The type of digital marketing you use will depend on your audience and your business needs. Where is the first place your audience looks to find the kind of products and service you offer? For example, a survey showed that 67% of consumers depend on social media to learn about beauty and personal care products.
Understanding consumer behavior will help you determine which digital marketing channel to utilize.
Deciding on your digital marketing goals will also help you know the digital strategy to employ. For example, visibility and lead generation are priorities for a new business, so types of digital marketing like SEO and SEM, social media marketing, and influencer marketing will work great.
However, for a business with an existing customer base, the goal may be brand loyalty and an increase in recurring purchases. Email marketing is an excellent fit to reach that goal.
Your digital marketing strategy may also change based on consumer behavior and business needs.
4. How to learn digital marketing
A good place to start learning digital marketing is by using free online resources. These resources may be in the form of blog posts, podcasts, and even tailored courses. You can also opt for paid online courses, especially those that provide direct contact with a mentor or a tutor—or both, in CareerFoundry’s case.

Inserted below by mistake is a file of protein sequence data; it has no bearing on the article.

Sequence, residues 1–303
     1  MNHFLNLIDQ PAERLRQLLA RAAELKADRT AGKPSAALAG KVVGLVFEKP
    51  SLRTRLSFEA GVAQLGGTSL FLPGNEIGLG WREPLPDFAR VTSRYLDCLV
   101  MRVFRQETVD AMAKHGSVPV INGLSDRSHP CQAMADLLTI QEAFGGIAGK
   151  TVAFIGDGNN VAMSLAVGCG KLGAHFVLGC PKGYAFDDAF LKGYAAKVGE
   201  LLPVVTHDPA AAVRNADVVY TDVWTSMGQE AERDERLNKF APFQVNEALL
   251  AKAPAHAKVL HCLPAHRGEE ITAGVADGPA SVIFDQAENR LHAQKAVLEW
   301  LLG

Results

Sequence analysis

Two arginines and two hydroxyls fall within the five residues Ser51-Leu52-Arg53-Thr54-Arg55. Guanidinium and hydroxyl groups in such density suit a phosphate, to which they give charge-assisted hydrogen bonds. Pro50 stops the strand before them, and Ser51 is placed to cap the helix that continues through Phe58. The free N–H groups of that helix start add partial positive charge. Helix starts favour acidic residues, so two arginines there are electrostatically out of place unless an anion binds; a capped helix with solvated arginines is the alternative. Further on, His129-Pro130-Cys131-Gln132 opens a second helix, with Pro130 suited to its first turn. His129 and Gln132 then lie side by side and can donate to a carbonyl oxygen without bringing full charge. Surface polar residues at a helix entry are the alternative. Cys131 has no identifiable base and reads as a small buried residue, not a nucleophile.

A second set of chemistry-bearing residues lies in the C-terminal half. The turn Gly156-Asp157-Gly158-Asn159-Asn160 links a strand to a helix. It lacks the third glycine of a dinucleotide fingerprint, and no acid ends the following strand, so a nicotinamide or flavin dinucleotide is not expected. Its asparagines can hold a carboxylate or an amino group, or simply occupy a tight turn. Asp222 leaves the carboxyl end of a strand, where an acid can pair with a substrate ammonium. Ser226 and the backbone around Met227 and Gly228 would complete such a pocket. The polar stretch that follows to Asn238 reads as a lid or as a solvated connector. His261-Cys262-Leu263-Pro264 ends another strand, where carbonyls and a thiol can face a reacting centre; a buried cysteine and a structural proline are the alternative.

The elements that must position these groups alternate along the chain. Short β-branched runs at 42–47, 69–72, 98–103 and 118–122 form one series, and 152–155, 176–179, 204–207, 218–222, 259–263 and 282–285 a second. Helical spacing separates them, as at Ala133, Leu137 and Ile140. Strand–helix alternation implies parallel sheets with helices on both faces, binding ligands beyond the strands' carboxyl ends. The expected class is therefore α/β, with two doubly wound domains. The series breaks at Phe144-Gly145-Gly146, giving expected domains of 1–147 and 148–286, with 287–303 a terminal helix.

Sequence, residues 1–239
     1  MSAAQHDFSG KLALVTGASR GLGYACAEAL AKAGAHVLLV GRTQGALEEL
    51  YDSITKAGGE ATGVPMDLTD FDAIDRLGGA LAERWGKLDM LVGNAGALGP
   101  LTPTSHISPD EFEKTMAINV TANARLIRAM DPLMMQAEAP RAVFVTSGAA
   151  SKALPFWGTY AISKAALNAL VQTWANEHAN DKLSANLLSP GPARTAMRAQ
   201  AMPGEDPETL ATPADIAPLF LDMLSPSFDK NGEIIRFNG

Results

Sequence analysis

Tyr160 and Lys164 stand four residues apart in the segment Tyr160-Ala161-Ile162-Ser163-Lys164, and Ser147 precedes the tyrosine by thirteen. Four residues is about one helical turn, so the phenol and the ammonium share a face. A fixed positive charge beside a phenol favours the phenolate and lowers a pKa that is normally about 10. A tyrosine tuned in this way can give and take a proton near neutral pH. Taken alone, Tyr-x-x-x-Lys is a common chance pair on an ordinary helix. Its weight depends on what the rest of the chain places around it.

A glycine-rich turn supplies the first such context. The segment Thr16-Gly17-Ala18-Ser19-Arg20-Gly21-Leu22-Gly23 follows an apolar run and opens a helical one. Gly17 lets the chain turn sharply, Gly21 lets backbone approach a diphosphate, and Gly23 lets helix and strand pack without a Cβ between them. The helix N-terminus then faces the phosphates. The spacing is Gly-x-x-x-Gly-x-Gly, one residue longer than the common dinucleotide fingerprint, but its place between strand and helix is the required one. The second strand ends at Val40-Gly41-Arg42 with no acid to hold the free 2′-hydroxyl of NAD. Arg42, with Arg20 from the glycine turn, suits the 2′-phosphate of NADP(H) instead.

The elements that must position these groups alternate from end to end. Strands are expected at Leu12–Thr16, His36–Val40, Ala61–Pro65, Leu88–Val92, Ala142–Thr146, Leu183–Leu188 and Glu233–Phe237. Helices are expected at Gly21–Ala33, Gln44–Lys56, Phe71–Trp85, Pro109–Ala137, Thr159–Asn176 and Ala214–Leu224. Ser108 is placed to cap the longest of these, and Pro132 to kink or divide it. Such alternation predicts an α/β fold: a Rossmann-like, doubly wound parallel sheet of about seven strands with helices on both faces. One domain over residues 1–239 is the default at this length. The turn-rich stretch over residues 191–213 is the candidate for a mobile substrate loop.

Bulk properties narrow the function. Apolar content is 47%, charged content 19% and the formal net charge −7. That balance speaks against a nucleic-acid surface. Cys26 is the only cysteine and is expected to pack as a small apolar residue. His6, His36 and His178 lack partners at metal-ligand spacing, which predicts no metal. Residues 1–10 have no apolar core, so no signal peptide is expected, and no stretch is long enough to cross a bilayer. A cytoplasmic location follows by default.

Once you’ve learned the basics, practicing your skills is next. You can decide to start a blog or grow a social media account to test first-hand the things you learned in theory. The experience you gain during this process and your results can serve as a portfolio for future employment.
You can also choose to apply for internships in digital marketing agencies. These agencies are usually fast-paced but will afford you to see how digital marketing strategies are carried out.
Ultimately, digital marketing is a broad field constantly evolving, so you’ll keep learning on the job.
You might also be interested in checking out this live event we had with CareerFoundry’s very own CMO, Ed Wood, in which he outlines his own career path in digital marketing and hands out some sage advice on how you can forge your own path.
5. Next steps
Now, we’ve looked at the most popular types of digital marketing. Since they usually intersect, it’s important to understand how they work, even if you will eventually specialize in one.
Digital marketing efforts are growing in every industry, and now is a great time to enter the scene. It is an exciting and innovative field filled with profitable opportunities. If you’re a proponent of life-long learning, you’ll enjoy starting a digital marketing career.
Want to get a hands-on introduction to digital marketing? Why not try out this free, 5-day short course?